Friday, May 11, 2007

Non-Fiction TV

This morning at Cholesterol Cafe, we talked about what the concept of "survivor" is and discussed the meaning of Jesus' words about giving us life "to the full."

The conversation began by talking about the popular television program "Survivor." I would have loved to contribute to the banter, but I just can't watch that show. I watched it once and thought - "I see the formula and it looks like broken and redemptive humanity on display." I can't get past the knowledge that the show has a producer, and a crew influencing every "spontaneous" event that unfolds before millions of viewers. No thanks - it bores me! Same thing with all the fuss about "Lost." I heard someone I work with state that they "tivo" every episode and sit down to watch it later in the week "and please don't tell me what happened."

Whatever floats your boat, but that ain't me!

As you can see by the title of this blog, I don't quite blend in with the particular and contextual "mainstream" on this. I seem to be in the minority.

If I try to converse with others about the shows I watch (like Mythbusters, Forensic Files, North Mission Road, Dirty Jobs, The Investigators and other real "reality" shows), it usually results in a polite and ignorant nod - or the third-eye look. I feel like I'm in a very small minority when it comes to TV entertainment.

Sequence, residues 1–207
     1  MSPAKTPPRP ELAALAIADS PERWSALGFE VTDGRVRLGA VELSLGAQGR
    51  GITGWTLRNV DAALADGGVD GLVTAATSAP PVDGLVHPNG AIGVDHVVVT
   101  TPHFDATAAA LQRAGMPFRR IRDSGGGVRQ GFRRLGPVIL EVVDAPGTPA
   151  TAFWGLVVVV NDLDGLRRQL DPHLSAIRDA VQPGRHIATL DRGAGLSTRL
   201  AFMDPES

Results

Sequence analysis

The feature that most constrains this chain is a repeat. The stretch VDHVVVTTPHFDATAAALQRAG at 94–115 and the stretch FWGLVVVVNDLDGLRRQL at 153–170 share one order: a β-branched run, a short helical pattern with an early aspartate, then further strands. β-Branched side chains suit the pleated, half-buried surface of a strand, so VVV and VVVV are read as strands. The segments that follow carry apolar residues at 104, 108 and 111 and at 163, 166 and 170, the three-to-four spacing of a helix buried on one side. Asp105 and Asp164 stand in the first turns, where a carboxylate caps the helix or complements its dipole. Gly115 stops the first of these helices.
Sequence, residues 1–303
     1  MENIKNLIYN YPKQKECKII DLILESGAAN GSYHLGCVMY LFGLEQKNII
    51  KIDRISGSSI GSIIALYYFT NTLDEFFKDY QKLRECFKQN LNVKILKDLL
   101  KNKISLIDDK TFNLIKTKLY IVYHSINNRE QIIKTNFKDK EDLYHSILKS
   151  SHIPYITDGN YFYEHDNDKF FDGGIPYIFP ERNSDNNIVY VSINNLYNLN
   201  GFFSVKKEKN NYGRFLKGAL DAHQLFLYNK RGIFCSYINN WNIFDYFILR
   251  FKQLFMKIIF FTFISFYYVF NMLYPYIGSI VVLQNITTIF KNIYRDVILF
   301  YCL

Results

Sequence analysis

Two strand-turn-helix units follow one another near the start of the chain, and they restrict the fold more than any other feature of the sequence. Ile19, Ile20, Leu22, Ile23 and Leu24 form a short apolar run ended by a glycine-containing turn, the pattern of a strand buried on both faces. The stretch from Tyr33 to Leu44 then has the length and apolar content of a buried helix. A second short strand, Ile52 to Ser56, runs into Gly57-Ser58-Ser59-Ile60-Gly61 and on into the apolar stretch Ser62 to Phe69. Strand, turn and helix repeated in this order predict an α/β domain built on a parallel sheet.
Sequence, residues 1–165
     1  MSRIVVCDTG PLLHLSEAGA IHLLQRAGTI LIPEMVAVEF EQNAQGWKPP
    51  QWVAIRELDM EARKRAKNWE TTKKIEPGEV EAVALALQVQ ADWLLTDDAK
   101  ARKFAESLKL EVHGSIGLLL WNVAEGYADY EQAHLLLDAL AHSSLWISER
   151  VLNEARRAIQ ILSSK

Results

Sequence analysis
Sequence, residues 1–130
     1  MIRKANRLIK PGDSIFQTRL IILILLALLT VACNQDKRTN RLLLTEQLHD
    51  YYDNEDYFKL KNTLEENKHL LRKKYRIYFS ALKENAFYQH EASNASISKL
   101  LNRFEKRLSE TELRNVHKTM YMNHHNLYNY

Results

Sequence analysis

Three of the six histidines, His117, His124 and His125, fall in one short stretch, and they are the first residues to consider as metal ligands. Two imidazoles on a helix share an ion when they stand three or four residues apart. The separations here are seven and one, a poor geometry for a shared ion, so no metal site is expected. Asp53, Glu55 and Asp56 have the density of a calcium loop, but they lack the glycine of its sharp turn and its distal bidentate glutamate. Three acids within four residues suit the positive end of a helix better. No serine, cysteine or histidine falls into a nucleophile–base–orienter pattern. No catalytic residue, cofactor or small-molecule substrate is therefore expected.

Let's see if I can explain my wiring - which is subject to scrutiny and correction or resonation and understanding. I've tried to do a self-analysis on this quirkiness of mine - and this is what I have concluded. This is me...

Non-fiction is not subject to manipulation or conniving. It simply displays things they way they happen or are. Long-held notions can be dispelled and insights gained by passive observation. This is more consistent with how we live our lives. We can plan to decide certain things, but our decisions are most often reshaped so that we navigate according to conditions before us.

"Survivor" and "Lost" are productions that simulate reality. Viewers find themselves drawn in to the drama of adaptive human behavior, but forget that the people are there based on recruitment and audition. The settings are chosen dependent on advance research and those involved have to be monitored (especially in our litigate-happy culture).

It's artificial humanity. Recent history has shown that those who gain fame (or infamy) on how they adapt and thrive through difficult challenges on the small screen, fall flat on their faces with mundane challenges away from cameras and selected remote locations.

I guess I'm much more entertained with the latter. Case in point: I'm actually enjoying the current situation with Paris Hilton's jail sentence. There is much more intrigue for me to hear she and her mother cry "foul" - for this petition to the Governator to pardon her and commute here sentence - to hear Rosie O’Donnell slough off the irresponsibility of driving under the influence. I'm actually gaining more insight and pleasure from this, than any production which requires my time and attention for several minutes when networks schedule its "airing."

Enough rambling (I love the freedom of blogging for this reason. It's up to you to make sense of what you read). It is my belief that salt and light become more intensified by looking at what we do and who we are from the perspective of the One who "emptied himself."

Make any sense?



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